THE DREAM BROTHERS: Full Of Life Now- Love Songs Of Walt Whitman is a collection of songs using the poetry of Walt Whitman and written by The Dream Brothers, Gary Glickman and Stephan David Hewitt. Also included in this CD is a setting of W.B. Yeats’ Innisfree and two of the Dream Brothers\' original songs. Inspired by the beauty and power of Whitman’s bold poetry, written mostly in the 1850’s, these poems are as relevant today as they were in the time Whitman was writing: a country torn apart at the seams by war, economic hardship, and yet a longing to express the deep soulful yearnings of human existence.
Stephan and Gary are both classically trained musicians and composers, with degrees in music, and were led by a series of synchronistic events to write music to Whitman’s lyrics. Stephan’s training has also included the world of early electronic music (see his album Inroads by Stephan David, also available on CDBaby) while Gary has written several operas and is a voice teacher. Both are writers and counselors as well. Their idea was to make the words of Whitman come alive again, so that people would be able to hear the emotional quality of the longing and celebration of life and passion that Whitman so beautifully wrote about around the time the U.S. was falling into Civil War.
Walt Whitman was born on Long Island, N.Y. in 1818, in an age of candles, quill pens, and American enslavement of Africans. John Adams and Thomas Jefferson were both alive and active. In 1855, at age 36, Whitman self-published his initial volume of Leaves of Grass, and in 1860, a year before the start of the Civil War, published his third edition, “Calamus,” from which most of these songs have sprung. By war’s end, 1865, Whitman’s Leaves of Grass was world famous, but in America the poems themselves—full of references to sex, naked bodies, and physical love between men—were often dismissed as obscene and obnoxious. He lost his government job when his manuscript was discovered by his boss.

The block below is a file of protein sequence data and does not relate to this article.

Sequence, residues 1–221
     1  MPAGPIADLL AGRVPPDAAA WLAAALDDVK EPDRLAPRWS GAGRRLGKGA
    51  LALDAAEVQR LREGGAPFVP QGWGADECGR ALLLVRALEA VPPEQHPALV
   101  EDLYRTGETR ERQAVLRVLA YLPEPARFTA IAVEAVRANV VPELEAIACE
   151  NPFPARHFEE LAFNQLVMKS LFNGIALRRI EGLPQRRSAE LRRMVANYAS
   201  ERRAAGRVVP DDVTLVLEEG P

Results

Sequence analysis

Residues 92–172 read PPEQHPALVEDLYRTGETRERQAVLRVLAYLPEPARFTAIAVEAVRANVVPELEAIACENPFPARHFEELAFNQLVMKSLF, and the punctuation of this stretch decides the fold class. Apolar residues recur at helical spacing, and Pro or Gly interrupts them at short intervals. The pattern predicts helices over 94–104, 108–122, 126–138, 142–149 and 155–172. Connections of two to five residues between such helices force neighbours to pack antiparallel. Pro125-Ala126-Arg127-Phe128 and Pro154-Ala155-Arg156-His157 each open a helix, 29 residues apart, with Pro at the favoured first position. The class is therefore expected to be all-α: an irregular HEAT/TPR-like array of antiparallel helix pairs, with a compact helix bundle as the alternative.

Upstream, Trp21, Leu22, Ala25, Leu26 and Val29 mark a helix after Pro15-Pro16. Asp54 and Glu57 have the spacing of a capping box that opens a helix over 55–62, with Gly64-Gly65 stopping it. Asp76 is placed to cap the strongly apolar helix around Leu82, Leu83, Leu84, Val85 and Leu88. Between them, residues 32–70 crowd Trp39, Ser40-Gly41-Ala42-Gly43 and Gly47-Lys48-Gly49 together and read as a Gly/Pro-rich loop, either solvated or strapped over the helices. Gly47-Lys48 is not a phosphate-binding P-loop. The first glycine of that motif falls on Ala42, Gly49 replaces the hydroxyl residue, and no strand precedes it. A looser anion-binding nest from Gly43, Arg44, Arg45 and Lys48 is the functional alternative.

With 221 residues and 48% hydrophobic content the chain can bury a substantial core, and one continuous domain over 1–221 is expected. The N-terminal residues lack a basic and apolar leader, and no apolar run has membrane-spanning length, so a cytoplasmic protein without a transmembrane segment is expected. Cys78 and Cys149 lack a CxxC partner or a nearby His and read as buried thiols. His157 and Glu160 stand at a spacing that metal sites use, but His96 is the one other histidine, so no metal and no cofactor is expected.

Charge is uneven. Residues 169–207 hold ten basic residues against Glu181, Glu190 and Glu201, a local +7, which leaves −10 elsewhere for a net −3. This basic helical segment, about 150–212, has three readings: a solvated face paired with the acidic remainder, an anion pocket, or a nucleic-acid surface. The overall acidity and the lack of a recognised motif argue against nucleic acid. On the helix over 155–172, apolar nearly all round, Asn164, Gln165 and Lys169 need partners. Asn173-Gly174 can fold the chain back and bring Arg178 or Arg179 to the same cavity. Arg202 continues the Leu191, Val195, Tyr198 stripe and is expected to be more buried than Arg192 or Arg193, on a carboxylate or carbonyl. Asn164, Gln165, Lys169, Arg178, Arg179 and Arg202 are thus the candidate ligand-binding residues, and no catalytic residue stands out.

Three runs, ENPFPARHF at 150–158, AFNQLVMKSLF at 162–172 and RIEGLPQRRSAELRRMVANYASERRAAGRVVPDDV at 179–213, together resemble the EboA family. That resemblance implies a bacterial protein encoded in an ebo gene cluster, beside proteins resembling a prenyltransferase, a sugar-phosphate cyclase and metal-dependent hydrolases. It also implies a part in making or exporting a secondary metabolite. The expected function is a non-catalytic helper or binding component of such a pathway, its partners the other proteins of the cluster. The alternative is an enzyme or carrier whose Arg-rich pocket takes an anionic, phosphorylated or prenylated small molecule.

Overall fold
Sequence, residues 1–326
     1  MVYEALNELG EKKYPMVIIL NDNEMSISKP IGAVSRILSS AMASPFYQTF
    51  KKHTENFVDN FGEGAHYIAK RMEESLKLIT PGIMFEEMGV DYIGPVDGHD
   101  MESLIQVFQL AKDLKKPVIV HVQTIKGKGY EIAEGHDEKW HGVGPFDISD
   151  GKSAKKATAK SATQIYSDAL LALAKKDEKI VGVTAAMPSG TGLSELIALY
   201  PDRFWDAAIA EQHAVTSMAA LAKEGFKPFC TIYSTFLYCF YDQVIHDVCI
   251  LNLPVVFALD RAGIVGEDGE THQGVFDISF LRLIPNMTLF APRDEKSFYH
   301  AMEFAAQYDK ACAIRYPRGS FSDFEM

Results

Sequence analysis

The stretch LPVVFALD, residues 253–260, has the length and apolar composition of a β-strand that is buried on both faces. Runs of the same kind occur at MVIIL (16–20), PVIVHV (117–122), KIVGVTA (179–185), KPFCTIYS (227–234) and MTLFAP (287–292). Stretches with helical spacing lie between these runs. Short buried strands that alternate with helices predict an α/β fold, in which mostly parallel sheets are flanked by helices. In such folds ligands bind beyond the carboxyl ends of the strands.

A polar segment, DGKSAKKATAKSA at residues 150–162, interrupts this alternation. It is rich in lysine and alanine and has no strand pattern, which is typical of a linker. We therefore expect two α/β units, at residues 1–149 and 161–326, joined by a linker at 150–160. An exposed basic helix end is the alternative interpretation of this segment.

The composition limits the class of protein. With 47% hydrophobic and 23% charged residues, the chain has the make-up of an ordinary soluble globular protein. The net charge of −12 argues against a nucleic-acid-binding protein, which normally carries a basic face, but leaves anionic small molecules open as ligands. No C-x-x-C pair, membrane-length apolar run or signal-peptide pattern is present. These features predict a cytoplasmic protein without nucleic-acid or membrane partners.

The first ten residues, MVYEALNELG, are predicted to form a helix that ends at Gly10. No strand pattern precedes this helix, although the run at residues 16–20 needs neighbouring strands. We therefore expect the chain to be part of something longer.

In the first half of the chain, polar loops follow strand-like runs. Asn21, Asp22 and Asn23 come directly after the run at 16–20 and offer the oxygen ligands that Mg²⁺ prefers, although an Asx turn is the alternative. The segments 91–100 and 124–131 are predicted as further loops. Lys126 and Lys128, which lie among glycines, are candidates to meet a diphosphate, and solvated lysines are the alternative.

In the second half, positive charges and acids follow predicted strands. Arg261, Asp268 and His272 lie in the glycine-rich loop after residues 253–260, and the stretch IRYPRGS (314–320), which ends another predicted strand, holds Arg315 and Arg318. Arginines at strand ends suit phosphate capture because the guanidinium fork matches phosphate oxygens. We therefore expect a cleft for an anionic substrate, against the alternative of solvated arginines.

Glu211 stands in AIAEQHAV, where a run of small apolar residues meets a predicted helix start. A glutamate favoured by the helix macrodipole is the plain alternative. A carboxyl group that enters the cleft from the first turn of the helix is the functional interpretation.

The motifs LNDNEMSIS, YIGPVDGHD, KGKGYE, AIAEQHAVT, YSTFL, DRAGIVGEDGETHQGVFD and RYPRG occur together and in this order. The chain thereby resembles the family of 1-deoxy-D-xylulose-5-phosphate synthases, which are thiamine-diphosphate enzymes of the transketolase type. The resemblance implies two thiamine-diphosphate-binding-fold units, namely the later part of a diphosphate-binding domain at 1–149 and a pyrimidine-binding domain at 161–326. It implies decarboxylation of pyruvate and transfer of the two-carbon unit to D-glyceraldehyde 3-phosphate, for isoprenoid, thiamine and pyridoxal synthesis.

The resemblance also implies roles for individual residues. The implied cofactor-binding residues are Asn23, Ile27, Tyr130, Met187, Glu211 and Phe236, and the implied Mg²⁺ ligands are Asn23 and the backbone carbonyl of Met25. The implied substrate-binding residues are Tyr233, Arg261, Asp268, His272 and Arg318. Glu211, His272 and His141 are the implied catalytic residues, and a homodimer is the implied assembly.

Near the end of his life, Whitman saw the disaster that a materialist America was leading itself to. In 1888 he declared: “every man is trying to outdo every other man—giving up modesty, giving up honesty, giving up generosity, to do it: creating a war, every man against every man: the whole wretched business falsely keyed by money ideals, money politics, money religions, money men.\" He died in 1892, at the age of 73, in a country of electric lights, typewriters, telephones, the first moving pictures, the massacre at Wounded Knee (1890), and the invention of the concept of “homosexual” as a distinct (and criminal) kind of person. Still, the power of his vision—that Spirit is all-present, within every one of us, unrestricted by religion or morals, unstoppable by death—has continued to grow as a powerful force of peace in the world.